The resistance to budget cuts only delays the real work of getting our financial house in order and passes the pain and suffering to future generations. The question is when to cut. There seems to be growing opposition to keep printing money as baby boomers see the impending devaluation of the dollar turning their retirement nest eggs into pocket change.

  • Report this Comment On June 17, 2011, at 1:22 PM, Happymspage wrote:

    yes consumers are reluctant to spend ,even like myself with no mortage,no debt,retired and good income from both pension and stocks and bonds.

    I see the financial market jirate all over the place and scare the hell out of us investors.

    I don't equate spending to being patriot ,but many would go on spending sprees if they weren't maxed out on their cards.We are not maxed out but very conseritive in spending.

    Right at the moment we are about to slowly go to stores and buy canned foods as we see runaway inflation coming soon withthis carzy goverment in halk to ther hairlines.

    Richard

  • Report this Comment On June 17, 2011, at 2:42 PM, Geoffreypatrick wrote:

    it would make economic sense to increase federal spending on high-bang-for-the-buck investments like education . . .

    Unfortunately, investment in education is not the same thing as intelligent investment in education. There is a huge amount of information and research that suggests that the "Race to the top" is heading in precisely the wrong direction. So some "investment" in education produces very, very low bang-for-the-buck.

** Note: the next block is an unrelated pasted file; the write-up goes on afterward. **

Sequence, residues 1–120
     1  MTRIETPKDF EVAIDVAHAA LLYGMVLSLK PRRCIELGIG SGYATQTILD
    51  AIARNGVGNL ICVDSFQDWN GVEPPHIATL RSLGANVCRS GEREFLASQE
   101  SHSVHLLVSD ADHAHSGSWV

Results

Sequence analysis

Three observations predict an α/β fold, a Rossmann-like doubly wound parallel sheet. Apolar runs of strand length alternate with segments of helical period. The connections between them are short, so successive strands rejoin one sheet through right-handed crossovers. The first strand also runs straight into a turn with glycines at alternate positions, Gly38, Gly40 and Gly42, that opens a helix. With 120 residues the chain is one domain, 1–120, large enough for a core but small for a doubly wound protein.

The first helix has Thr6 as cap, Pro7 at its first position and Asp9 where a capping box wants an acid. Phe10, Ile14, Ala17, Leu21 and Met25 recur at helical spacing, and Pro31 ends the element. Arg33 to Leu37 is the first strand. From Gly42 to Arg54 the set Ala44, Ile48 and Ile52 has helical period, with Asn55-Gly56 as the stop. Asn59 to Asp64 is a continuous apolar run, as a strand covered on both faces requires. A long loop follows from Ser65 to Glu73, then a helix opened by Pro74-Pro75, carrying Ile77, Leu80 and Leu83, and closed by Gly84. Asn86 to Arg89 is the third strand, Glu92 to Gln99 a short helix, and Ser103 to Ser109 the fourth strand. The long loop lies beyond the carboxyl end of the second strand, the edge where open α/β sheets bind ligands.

• Report this Comment On June 20, 2011, at 2:45 AM, S1gmund wrote:

    In the best and fastest way to stimulate the economy would be to become energy independent. Alternative energy is neither practical nor possible at this time it maybe 30 or 40 years at least before much of this technology is economically viable. Instead let us switch to natural gas where possible and drill for oil wherever practical. Reduce the regulatory burden to a reasonable and sustainable level with the requirement that all reviews including lawsuits be completed in a reasonable time, perhaps 1 to 2 years after the submission of final permit requests.

  • Report this Comment On June 20, 2011, at 4:19 PM, critter88 wrote:

    Unlike past stimulus spending, a lot of that money goes overseas. For instance, our company did accelerate the installation of wind turbines. The motors were made in Korea and the blades were made in India. Yes, we did hire some locals to pour the concrete pad. More importantly, my company only accelerated a couple investments, not make new investments. When there is so much idle factory capacity and vacant buildings, we weren't about to build another one regardless of the tax incentives.